Employee’s characteristics. Employment discrimination?

    Discrimination (from Lat. – “differentiation”) – in labour law this term denotes the illegal limitation of the rights of job seekers and employees for the reason of any of their qualities that are not business-related. Business-related qualities are the professional competencies and abilities of a person that are necessary to perform certain labour functions.

    As know, on October 12, 2021, President of Belarus Aleksandr Lukashenko signed Decree No. 6 which amends Decree No. 5 dated December 15, 2014 “On Strengthening the Requirements for Managers and Employees of Organizations”. According to the authorities, the document was adopted in order to increase the workforce capacity of state bodies and organizations, as well as to implement the amendments to the Labour Code.

    The Decree establishes the obligation of the executives of state bodies and organizations, when hiring citizens, to request their characteristics from previous places of work, as well as information from the Unified State Data Bank on Offences in relation to candidates for senior management positions.

    The practice of requesting characteristics from previous places of work existed in the country before. This was regulated by both the controversial Decree No. 5 and Article 26 of the Labour Code. The only difference is that it was the employer’s right to request them, but now it’s an obligation. This applies to state bodies and state-owned organizations, i.e., those in which the state owns more than 50 percent of the authorized capital. Note, for example, at the largest enterprises of the country JSC “Belaruskali“, JSC “MTZ – Minsk Tractor Works“, JSC “Minsk Automobile Plant 100% of shares are state property, at JSC “Naftan”  –99.83%, etc.

    The characteristics form is established by Resolution of the Council of Ministers No. 585 dated October 14, 2021 “On the Form of the Characteristics”. It must reflect professional and business qualities (competence, efficiency, diligence, discipline, initiative, the degree of independence in decision-making, the strive to improve their professional level, etc.), moral qualities (responsibility, decency, tactfulness, benevolence, kind heartedness, etc.), the participation of the employee in the social life of the team, his/her interaction with the employer, the trade union organization to address topical issues of the organization.

    Characteristics sent at the request of state-owned organizations must reflect information about the attitude towards state and public institutions, the constitutional order, about actions taken against the management and public safety procedure, as well as the presence of anti-state manifestations of the employee when at work.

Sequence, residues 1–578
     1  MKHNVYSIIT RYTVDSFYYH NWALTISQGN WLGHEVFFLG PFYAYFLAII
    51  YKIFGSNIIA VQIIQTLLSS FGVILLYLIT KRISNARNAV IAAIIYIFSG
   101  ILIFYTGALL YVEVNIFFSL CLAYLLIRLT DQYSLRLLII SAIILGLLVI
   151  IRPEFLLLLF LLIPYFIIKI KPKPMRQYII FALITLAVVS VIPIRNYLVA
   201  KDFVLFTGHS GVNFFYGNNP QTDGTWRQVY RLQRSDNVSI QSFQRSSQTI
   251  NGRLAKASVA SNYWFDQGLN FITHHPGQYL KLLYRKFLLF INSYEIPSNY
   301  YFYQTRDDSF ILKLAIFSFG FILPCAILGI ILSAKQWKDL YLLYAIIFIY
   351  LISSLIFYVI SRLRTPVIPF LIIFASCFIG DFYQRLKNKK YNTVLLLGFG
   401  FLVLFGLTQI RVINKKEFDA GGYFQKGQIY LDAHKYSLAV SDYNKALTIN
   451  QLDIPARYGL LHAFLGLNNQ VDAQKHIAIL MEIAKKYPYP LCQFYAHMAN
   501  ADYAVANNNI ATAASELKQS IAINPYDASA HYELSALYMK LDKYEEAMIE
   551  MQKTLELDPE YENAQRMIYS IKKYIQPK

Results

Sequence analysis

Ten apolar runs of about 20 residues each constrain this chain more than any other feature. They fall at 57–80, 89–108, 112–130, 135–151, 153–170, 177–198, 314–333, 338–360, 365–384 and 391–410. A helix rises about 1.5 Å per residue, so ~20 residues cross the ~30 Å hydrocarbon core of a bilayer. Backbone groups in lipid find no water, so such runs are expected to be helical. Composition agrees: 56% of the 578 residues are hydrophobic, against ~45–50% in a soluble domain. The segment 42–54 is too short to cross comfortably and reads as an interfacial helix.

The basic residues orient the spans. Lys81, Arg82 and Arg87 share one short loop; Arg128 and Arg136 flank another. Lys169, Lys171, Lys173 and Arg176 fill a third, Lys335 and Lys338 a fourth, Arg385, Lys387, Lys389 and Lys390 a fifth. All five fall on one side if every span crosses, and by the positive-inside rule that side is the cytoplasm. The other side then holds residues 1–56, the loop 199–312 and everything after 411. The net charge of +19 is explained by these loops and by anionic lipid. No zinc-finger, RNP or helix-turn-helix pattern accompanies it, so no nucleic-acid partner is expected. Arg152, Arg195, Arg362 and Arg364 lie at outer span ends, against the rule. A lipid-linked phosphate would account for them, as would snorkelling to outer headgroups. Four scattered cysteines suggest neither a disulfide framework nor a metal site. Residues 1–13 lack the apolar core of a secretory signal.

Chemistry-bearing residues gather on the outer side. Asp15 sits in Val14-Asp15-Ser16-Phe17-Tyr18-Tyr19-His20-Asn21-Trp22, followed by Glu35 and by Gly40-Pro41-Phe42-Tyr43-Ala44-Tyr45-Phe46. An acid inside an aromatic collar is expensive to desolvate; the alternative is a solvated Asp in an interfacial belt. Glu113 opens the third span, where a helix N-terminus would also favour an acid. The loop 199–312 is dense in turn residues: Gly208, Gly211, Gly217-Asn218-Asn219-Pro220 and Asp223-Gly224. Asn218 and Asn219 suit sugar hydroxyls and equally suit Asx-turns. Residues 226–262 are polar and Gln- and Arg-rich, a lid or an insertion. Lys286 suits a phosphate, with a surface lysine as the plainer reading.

Thus, the requirements for preparing characteristics contain many points that are not related to the business qualities of the employee and are not conditioned by the specifics of his/her job function, which leads to discrimination in the hiring process.

    At the same time, it should be noted that international and national labour legislation prohibits discrimination in the field of labour relations. ILO Convention 111 concerning Discrimination in Respect of Employment and Occupation specifies that the term “discrimination” includes any distinction, exclusion or preference made on the basis of race, colour, gender, religion, political opinion, national extraction or social origin, which has the effect of nullifying or impairing equality of opportunity or treatment in employment of occupation.

    According to Art. 14. Labour Code of the Republic of Belarus: Discrimination – i.e., restriction of labour rights or obtaining any benefits depending on gender, race, national and social origin, language, religious or political beliefs, participation or non-participation in trade unions or other public associations, property or official status, age, place of residence, physical or mental disabilities that do not interfere with the performance of the relevant labour duties, other circumstances not related to business qualities and not due to the specifics of the employee’s labour function, – is prohibited.

    It needs to be pointed out that the description must reflect the employee’s interaction with the trade union organization. Evidently, this refers to compulsory membership in the pro-government trade unions of the FPB (Federation of Trade Unions of Belarus). We can say with reasonable confidence that the indication of membership in the BKDP independent trade unions will entail a refusal of employment by state-owned organizations.

    In conclusion, we would like to emphasize that Decree No. 6 is a new step by the authorities to limit labour guarantees; it contains a cynical form of employment discrimination in state organizations, which will entail a large-scale prohibition on professions for political reasons.


    BKDP National Lawyer

    Elena Eskova